Presentation is loading. Please wait.

Presentation is loading. Please wait.

What is Karl Landsteiner credited with discovering?

Similar presentations

Presentation on theme: "What is Karl Landsteiner credited with discovering?"— Presentation transcript:

1 What is Karl Landsteiner credited with discovering?
Hematology What is Karl Landsteiner credited with discovering?

2 Blood Composition

3 Key Terms Anticoagulant: an agent that prevents the clotting of blood.
Examples are EDTA, Citrate and Heparin Capillary: small blood vessel that connects arterioles and venules Hematoma: a subcutaneous mass of blood at a venipuncture site

4 Key Terms Hemoglobin: the oxygen carrying molecule of red blood cells
Hemolysis: the breakdown of red blood cells, with the release of hemoglobin into the plasma or serum. Cannot use hemolyzed samples in lab tests Icteric: jaundiced; dark yellow or greenish serum or plasma

5 Key Terms Lipemic: having abnormally high level of fat. Milky looking samples Plasma: pale yellow part of whole blood; contains all clotting factors Serum: liquid portion of blood without the protein fibrinogen, which is one of the clotting factors; clot removed

6 Key Terms Agglutination: the clumping together of rbc by the action of an antibody When A cells are added to a blood sample, agglutination will occur only in the presence of anti-A Serology: the study of antigen – antibody reactions using laboratory tests

7 Function of Blood Transporting fluids such as:
Nutrients from digestive tract O2 from lungs Waste from cells Hormones Aids in heat distribution Regulates acid-base balance

8 Composition of Blood Plasma: liquid portion of blood w/out cells
Contains all of the following Water Nutrients Electrolytes Metabolic waste product Hormones Vitamins and enzymes Plasma proteins such as fibrinogen, albumin and globulin

9 Composition of Blood: Erythrocytes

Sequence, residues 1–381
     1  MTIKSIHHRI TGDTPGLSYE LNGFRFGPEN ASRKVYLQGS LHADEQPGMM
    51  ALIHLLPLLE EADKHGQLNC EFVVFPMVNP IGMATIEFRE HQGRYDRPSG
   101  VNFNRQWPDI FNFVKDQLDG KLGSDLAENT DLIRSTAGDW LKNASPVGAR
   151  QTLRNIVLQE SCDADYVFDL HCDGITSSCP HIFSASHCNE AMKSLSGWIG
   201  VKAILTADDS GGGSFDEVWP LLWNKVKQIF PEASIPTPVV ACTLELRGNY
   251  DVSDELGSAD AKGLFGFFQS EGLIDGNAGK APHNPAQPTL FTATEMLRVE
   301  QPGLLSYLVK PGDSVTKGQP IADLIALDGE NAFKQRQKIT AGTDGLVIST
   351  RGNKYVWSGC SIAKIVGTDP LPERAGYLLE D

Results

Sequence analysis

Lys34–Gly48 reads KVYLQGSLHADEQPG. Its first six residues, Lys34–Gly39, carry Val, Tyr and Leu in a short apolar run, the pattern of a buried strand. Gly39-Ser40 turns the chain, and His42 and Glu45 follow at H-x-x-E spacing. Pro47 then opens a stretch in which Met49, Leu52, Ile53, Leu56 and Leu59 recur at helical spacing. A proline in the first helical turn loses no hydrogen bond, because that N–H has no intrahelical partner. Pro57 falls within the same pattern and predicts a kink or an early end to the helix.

Red blood cells are responsible for: Transport of oxygen and nutrients Removal of waste and CO2 from the cells Distribution of heat Hemoglobin: the O2 carrying potential

10 Composition of Blood: Leukocytes
WBC are responsible for: Phagocytosis – to engulf and absorb waste material and harmful microorganisms in the blood stream and tissues Synthesis of antibody molecules Inflammation process Production of heparin – component found in lung and liver tissue which have the ability to prevent clotting of blood. Heparin used in the treatment of thrombosis

11 Cell Morphology Platelet Lymphocyte Segmented Neutrophil rbc

12 Composition of Blood: Leukocytes
Types of Leukocytes Granulocytes Neutrophils Eosinophils Basophils Agranulocytes Lymphocytes Monocytes

13 Composition of Blood: Thrombocytes
Platelets – the smallest of the solid components of the blood Responsible for the clotting process Coagulation: term for clotting Embolism: a blood clot which is moving through the body

14 Forensic Characterization of Blood
1st questions a criminalist has to answer is: Is it blood If yes, is it human If yes, can it be associated w/ a particular person Preliminary color test for blood is the Benzidine color test but this is carcinogenic so phenolphthalein is used and is known as the Kastle-Meyer Color test

15 Forensic Characterization of Blood
Hemoglobin possesses peroxidase like activity which when mixed with phenolphthalein and hydrogen peroxide it will cause the formation of a deep pink color Kastle-Meyer is not specific for blood as some vegetables such as potatoes and horseradish contain peroxidase and can react; however they should not be common at a crime scene so it is often considered a good indicator

16 Forensic Characterization of Blood
Hemastix strips can also be used to detect the presence of blood Luminol test is another presumptive test for blood which produces light rather than a color reaction. Objects being tested must be in a dark location to view the luminescence (emission of light). Extremely sensitive and can detect blood diluted up to 300,000 times Luminol will not interfere with other DNA testing

17 Forensic Characterization of Blood
Once blood is found it must be determined to be human Precipitin test is the standard test Reagents are available to determine if blood is dog, cat or deer A positive test is a cloudy ring or band at the point where the two liquids meet Only a small amount of sample is required Precipitin test is very sensitive and can test positive on a sample as old as 10 years Extracted tissue samples from mummies as old as 4,000 years have tested positive

18 Forensic Characterization of Blood